Day 2 Novel V
Andreuccio da Perugia
 Andreuccio da Perugia comes to Naples to buy horses, meets with three serious adventures in one night, comes safe out of them all, and returns home with a ruby.
 Landolfo's find of stones, began Fiammetta, on whom the narration now fell, has brought to my mind a story in which there are scarce fewer perilous scapes than in Lauretta's story, but with this difference, that, instead of a course of perhaps several years, a single night, as you shall hear, sufficed for their occurrence.
 In Perugia, by what I once gathered, there lived a young man, Andreuccio di Pietro by name, a horse-dealer, who, having learnt that horses were to be had cheap at Naples, put five hundred florins of gold in his purse, and in company with some other merchants went thither, never having been away from home before. On his arrival at Naples, which was on a Sunday evening, about vespers, he learnt from his host that the fair would be held on the following morning. Thither accordingly he then repaired, and looked at many horses which pleased him much, and cheapening them more and more, and failing to strike a bargain with any one, he from time to time, being raw and unwary, drew out his purse of florins in view of all that came and went, to shew that he meant business.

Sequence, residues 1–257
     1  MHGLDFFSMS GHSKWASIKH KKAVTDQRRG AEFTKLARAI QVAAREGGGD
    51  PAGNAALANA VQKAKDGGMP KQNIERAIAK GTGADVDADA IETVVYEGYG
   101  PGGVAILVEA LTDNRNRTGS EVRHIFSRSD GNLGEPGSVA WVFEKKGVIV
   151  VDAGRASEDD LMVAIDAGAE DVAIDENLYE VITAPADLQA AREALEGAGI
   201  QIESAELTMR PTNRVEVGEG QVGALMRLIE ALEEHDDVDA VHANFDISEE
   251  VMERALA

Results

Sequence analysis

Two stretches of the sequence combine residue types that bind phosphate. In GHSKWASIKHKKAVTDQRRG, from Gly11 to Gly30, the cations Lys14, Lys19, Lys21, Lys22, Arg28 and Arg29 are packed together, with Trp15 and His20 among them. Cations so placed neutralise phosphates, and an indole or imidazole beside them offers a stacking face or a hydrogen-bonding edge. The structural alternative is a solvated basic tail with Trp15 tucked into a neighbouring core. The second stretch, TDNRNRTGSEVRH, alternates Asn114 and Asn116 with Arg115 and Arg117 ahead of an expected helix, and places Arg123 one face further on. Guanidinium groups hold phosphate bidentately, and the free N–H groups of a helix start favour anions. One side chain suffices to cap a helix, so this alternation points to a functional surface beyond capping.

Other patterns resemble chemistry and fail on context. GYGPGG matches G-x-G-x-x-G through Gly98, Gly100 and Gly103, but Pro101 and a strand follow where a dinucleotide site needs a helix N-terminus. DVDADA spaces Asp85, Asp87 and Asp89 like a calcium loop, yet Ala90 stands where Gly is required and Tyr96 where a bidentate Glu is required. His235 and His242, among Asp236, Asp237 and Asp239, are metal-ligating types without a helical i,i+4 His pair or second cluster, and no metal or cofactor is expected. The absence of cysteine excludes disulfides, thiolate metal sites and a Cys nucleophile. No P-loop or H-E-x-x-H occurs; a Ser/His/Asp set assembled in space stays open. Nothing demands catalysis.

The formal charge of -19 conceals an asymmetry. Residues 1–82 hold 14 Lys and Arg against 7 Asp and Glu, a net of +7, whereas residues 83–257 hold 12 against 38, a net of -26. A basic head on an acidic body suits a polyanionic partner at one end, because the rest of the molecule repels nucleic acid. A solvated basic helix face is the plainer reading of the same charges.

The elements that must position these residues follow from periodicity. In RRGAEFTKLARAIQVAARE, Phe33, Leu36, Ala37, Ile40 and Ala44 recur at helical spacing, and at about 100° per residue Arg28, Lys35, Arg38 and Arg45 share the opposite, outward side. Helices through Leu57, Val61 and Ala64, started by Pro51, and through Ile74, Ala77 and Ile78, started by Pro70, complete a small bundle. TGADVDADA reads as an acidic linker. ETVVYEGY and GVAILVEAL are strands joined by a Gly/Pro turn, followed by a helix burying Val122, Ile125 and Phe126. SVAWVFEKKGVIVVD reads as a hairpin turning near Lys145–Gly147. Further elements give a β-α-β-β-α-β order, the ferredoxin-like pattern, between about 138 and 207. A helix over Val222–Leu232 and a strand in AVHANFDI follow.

While he was thus chaffering, and after he had shewn his purse, there chanced to come by a Sicilian girl, fair as fair could be, but ready to pleasure any man for a small consideration. He did not see her, but she saw him and his purse, and forthwith said to herself: "Who would be in better luck than I if all those florins were mine?" and so she passed on.  With the girl was an old woman, also a Sicilian, who, when she saw Andreuccio, dropped behind the girl, and ran towards him, making as if she would tenderly embrace him. The girl observing this said nothing, but stopped and...